It was that night I realized my friend, the Big O (short for the Big Omniscient, not some sexual innuendo) was a super-taster. (Well, I hadn’t read Scientific American yet, so I didn’t know that was what the term for him was, and all. But it’s not like the Big O is an unsatisfying moniker, right? Leo Daedalus would kill to be called the Big O!)
During the review of the wines, he described one as “nasturtiums.” The blank stares spoke for themselves. We all knew what nasturtiums were: a rather lovely flowering landscape plant of the Tropaeolum family, whose name means quite literally “nose-twister” or “nose-tweaker.” A relative of the cabbage family, nasturtiums are so called because they produce an oil, the essence of which is much like that of watercress. Even if we knew all of that, which none of us did at the time, I’m pretty sure watercress didn’t come up in the conversation.
The O’s nose knew something we didn’t. Something that was amusing, and even a little stupefying.
Up next, he came forward with a more commonplace descriptor, especially for the many of us Pac-Northwesters that migrated here from the vastness of the Midwest flyover states. He hit us with “canned asparagus.” It was one of those now-you-don’t-smell-it, now-you-do moments, when the power of suggestion won over everyone at the table. Yep—canned asparagus, alright!
In the Midwest a couple generations ago, fresh vegetables were non-existent in the winter (which equates roughly to half the year or more from a growing season standpoint). Vegetables came frozen or canned. We ate both styles at my house, but the canned asparagus was the most memorable. Brined asparagus pieces, mostly stalks as I recall, warmed lovingly by Mom and offered up in a Melmac serving bowl for our dining pleasure, they were fucking terrifying to a child, reminding me of the cigar butts my Grandpa Pete chewed then spit into the big living room ashtray. I never drank that wine again.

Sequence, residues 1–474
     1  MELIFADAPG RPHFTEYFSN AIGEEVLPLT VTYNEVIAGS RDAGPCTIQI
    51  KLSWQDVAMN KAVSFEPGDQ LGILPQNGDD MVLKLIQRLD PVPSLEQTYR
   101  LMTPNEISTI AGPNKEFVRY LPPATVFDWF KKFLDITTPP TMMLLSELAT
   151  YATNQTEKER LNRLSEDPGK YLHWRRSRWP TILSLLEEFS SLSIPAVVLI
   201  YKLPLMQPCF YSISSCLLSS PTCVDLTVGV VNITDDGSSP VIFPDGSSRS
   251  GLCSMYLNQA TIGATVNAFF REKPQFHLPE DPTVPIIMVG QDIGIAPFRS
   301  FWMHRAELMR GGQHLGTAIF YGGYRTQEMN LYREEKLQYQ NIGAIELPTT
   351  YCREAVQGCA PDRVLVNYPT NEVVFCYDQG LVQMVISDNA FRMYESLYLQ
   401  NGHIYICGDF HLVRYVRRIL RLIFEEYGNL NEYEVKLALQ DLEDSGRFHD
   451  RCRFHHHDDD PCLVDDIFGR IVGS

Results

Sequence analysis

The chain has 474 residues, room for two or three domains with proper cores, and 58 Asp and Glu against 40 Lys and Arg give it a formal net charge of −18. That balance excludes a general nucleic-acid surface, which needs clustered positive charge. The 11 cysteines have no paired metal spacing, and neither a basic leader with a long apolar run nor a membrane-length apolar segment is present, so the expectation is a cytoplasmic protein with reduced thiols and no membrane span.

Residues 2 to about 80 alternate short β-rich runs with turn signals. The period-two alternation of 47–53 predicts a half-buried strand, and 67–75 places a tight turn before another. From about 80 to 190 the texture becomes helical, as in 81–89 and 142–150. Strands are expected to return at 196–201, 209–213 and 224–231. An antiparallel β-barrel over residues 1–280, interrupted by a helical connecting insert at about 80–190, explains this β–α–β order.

Here’s a few wine wordplay descriptors I’ve come to enjoy over the years, with my personal interpretation of their meaning/intent, understanding that I do not always comprehend why I would want to drink a fruit juice with something that tasted like *that in the bottle? Perhaps it is my love of words that overrides my Fungiform papillae? Cheers!
Pencil shavings. Anyone who emptied the pencil sharpener for your favorite grade-school teacher knows that smell…which prompts one to imagine drinking wine with your third-grade teacher (Mrs. Hoffman, for example, who you loved with all your heart and whose house you would sneak into to watch her sleep at night when you were nine).
Eucalyptus. A powerful aroma in wine, especially if a koala has been urinating down the trunk for a week. You know they don’t move around much.
Coffee. Black, please. The next morning, after a lot of wine.
*Horse blankets. A subset of the “barnyard” section of wine wordplay. When you’re galloping across the pampas on your way to a nice glass of Mendoza malbec—bueno —wet horse blankets is a welcome descriptor. When it conjures memories of the smell emanating from those fly-infested horses that we were offered to ride to the waterfall near Puerto Vallarta, no bueno.